New public transit buses add efficiency to city’s service |

New public transit buses add efficiency to city’s service

Sandi Hoover

While neighboring jurisdictions are cutting public transit service, Carson City’s Jump Around Carson is updating its fleet to keep up with demand.

“BluGO has made cuts and Washoe RTC has made significant cuts,” said Carson City Transportation Director Patrick Pittenger.” We are a small system, but we are happy to be holding our own.”

The latest additions to Carson City’s fleet are four new buses paid for exclusively by $740,000 in stimulus funds.

“We need to regularly replace our vehicles, so we usually buy two a year and the government pays

80 percent,” Pittenger said. “But in this case, we bought four, and the total cost to us was zero, so we can use our dollars for operating costs.”

He said the transit service does not have a dedicated funding source, so money is usually transferred from the general fund, and he sets up the matches with the federal government.

“With the city budget so tight, on July 1 we were going to lose some funds, going from $300,000 this year to $275,000. There is just not enough money,” Pittenger said. “But this stimulus money allows us to hang on as long as we can.”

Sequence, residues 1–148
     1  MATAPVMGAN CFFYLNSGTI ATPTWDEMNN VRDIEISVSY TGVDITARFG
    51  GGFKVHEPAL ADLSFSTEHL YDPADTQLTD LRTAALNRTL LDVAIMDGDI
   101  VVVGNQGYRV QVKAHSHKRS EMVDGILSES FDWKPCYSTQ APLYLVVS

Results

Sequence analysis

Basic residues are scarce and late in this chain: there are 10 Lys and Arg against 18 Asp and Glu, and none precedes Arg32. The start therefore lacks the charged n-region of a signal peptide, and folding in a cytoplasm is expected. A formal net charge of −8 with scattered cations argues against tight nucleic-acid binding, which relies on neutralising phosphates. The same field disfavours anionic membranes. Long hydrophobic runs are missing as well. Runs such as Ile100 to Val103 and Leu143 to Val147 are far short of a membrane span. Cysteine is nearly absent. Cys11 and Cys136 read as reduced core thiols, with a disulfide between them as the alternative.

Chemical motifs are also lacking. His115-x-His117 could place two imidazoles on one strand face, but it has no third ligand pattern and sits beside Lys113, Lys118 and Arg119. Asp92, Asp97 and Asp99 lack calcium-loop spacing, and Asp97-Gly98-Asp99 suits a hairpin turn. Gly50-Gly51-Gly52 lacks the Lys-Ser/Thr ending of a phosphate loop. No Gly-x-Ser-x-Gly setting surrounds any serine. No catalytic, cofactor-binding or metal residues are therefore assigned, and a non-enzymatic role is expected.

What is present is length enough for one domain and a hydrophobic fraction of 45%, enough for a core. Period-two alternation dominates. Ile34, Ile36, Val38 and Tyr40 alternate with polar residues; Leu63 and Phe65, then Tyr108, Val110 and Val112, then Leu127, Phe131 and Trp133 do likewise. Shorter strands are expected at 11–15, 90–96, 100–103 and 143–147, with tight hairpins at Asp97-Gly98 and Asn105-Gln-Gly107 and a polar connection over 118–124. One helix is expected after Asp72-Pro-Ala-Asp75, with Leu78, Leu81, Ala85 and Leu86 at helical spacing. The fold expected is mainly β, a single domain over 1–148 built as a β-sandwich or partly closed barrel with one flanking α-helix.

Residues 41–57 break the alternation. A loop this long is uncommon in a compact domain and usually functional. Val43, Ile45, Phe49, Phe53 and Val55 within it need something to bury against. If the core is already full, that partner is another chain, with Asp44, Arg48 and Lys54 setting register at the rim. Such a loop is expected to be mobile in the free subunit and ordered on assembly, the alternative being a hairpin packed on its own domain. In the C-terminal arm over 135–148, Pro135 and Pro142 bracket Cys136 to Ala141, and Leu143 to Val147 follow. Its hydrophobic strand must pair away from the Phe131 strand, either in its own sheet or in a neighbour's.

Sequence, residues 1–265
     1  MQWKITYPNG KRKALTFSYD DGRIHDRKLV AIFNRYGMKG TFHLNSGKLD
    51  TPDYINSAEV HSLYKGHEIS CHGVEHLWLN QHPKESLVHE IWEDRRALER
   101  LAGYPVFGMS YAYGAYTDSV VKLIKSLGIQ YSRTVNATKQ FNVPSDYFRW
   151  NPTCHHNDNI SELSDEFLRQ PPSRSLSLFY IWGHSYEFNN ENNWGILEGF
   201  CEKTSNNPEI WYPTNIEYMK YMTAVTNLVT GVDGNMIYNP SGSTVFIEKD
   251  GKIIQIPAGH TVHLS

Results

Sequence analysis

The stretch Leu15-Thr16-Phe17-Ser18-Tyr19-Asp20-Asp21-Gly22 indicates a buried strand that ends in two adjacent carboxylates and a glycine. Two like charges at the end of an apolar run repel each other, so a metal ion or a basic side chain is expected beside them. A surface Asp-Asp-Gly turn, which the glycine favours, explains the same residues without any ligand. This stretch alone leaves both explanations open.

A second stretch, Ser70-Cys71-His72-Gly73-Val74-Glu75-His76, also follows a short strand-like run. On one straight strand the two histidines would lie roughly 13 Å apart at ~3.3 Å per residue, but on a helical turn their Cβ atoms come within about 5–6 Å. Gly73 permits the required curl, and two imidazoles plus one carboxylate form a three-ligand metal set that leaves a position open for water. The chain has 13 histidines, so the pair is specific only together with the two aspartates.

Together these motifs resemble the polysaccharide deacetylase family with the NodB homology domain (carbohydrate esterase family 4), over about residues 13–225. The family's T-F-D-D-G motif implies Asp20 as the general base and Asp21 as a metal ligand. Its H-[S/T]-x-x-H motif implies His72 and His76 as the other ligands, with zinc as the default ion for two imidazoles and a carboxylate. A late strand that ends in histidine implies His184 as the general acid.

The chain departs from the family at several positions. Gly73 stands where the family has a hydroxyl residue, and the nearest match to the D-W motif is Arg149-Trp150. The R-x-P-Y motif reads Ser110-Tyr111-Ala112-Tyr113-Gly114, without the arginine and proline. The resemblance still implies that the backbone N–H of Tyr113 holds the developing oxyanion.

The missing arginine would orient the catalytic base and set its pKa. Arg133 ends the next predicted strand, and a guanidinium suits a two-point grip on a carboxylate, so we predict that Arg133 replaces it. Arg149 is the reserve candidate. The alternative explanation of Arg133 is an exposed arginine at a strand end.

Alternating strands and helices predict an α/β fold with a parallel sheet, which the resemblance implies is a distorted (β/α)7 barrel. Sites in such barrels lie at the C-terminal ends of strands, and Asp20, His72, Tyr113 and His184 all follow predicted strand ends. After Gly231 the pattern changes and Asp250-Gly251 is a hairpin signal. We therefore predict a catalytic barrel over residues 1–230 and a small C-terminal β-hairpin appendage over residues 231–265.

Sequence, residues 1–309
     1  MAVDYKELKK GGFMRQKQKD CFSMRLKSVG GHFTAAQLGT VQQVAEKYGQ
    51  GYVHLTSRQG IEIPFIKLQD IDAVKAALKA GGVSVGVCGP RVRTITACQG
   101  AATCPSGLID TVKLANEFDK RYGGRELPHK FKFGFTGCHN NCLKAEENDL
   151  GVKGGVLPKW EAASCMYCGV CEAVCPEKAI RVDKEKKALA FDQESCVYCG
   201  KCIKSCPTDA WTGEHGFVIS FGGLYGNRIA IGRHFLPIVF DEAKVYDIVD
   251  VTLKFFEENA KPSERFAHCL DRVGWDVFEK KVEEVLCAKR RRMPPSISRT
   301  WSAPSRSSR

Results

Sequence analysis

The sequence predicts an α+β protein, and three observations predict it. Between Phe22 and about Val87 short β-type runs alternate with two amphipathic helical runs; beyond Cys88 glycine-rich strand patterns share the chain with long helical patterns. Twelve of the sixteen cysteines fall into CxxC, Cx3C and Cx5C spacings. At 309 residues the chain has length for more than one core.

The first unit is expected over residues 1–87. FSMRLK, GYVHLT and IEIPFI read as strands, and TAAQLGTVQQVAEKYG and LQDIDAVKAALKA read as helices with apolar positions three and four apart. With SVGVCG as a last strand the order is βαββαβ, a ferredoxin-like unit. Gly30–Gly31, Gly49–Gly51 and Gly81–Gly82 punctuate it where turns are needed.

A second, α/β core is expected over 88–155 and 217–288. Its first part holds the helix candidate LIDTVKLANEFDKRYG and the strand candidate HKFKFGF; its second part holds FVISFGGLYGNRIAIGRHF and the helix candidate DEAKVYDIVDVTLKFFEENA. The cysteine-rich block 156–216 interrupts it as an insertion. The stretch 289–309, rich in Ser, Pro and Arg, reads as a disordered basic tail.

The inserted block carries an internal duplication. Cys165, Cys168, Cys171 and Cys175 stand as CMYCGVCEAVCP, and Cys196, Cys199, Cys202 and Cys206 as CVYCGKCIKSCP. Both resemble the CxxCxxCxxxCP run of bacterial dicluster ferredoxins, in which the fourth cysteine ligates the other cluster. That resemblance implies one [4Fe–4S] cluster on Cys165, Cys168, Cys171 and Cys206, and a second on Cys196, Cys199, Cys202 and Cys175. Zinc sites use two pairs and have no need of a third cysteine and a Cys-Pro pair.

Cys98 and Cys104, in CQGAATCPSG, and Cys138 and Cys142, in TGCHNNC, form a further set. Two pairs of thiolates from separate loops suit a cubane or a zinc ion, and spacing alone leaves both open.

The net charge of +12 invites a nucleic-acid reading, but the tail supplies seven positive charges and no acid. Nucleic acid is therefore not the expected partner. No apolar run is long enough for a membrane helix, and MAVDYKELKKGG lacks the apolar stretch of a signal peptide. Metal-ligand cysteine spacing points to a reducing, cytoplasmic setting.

The new buses, which residents will be able to recognize because they are painted purple with green trim as opposed to the green with purple-trimmed older buses, are 35 feet long – about 10 feet longer than the existing buses.

Rider Susan Jones of Carson City hopped off a new bus at the transfer station on Plaza Street Thursday.

“I take the bus wherever I go and I know where they all go,” she said. “I ride it a lot and take care of all my business around town. There are a lot of people who take the bus, and the prices are right.”

The new buses will be used for the regular routes while the remaining older green buses with wheelchair lifts will eventually be used exclusively for JAC Assist, which is a pickup by appointment service offered by the city.

The new buses are lower to the ground and have a ramp that can reach to the sidewalk, so people in wheelchairs can load up much more quickly.

Bus driver Jack Shelton said the new buses were much more efficient.

“We can hold 35 passengers so as our routes grow, we can handle the larger passenger load,” he said.

Another big plus for the city is that the newer buses are expected to last 10 years – twice the lifespan of the smaller ones.

Pittenger said the city has received requests from nonprofits for the four buses that will be removed from the fleet, such as the Parks & Recreation Department and the Boys & Girls Clubs.

“We’ll just give them to them; we’re happy to help,” he said.

That action is expected to go through the Regional Transportation Commission in June, he said.